Buying supplemental health insurance: Medigap


Unfortunately, Medicare won’t cover all of your health-care costs during retirement. You may want to buy a supplemental medical insurance policy known as Medigap; offered by private insurance companies, to help fill in the gaps in your coverage.

When’s the best time to buy a Medigap policy?
Your open enrollment period is the best time to buy a Medigap policy, because you can’t be turned down or charged more due to poor health. If you are age 65 or older, your open enrollment period starts on the first day of the month in which you are both 65 and enrolled in Medicare Part B.

If you don’t buy a Medigap policy during open enrollment, you may not be able to buy the policy of your choice later. Insurers have greater freedom to deny applications or charge higher premiums for health reasons once open enrollment closes.

What does Medigap cover?
Each Medigap plan offers a different set of benefits. All cover certain out-of-pocket costs, including Medicare coinsurance amounts. Some plans also cover other costs, such as all or part of Medicare Part A and Part B deductibles, foreign travel emergency costs and Medicare Part B excess charges. Medigap policies do not cover certain health care expenses, including long-term care, vision and dental care or prescription drugs.

Are all Medigap policies created equal?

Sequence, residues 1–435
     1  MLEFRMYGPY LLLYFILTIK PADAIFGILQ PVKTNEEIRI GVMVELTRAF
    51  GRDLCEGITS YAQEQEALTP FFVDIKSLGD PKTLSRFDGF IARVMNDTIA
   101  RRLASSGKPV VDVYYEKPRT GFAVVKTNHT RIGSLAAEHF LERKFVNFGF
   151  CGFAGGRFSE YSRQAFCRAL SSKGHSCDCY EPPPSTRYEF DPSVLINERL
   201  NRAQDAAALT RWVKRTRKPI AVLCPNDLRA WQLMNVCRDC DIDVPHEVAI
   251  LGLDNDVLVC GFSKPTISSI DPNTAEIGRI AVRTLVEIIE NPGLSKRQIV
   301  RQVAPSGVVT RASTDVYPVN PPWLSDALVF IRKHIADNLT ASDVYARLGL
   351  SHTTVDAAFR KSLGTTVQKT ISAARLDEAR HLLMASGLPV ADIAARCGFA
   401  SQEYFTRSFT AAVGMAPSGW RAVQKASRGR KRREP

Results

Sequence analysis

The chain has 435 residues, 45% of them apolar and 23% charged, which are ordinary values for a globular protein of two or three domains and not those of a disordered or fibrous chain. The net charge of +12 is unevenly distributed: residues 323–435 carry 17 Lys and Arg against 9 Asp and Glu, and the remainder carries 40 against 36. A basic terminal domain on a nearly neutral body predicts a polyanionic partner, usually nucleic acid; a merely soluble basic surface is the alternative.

Although Medigap policies are sold through private insurance companies, they’re standardized and regulated by state and federal law. However, the quality of the companies that offer the plans may differ. Look closely at each company’s reputation, financial strength and customer service standards. Also, keep in mind, Medigap premiums vary widely, both from company to company and from state to state.

Does everyone need Medigap?
No. In fact, it’s illegal for an insurance company to sell you a Medigap policy that substantially duplicates any existing coverage you have, including Medicare coverage. In general, you won’t need a Medigap policy if you participate in a Medicare managed care plan or private fee-for-service plan or if you qualify for Medicaid or have group coverage through your spouse.

If you choose to work past age 65 and have employer-sponsored health insurance, you may not need to purchase a Medigap policy until your employer-sponsored health insurance ends. If you find yourself in this situation, you will want to enroll in Medicare Part A at age 65. Medicare Part A will cover services associated with inpatient hospital care and your employer-sponsored health insurance will cover other medical care. When your employer-sponsored health insurance ends, you will need to enroll in Medicare Part B. Remember, your Medigap open enrollment period begins when you sign up for Medicare Part B. If you don’t buy a Medigap policy within six months from the time your employer’s coverage ends, you may be denied coverage later or charged a higher premium.

Finally, you may not need to buy a Medigap policy if you are covered by an employer-sponsored health plan after you retire.

For more information, including which Medigap plans are available in Iowa, visit

Prepared by Broadridge Investor Communication Solutions, Inc. Copyright 2016.

Speak Your Mind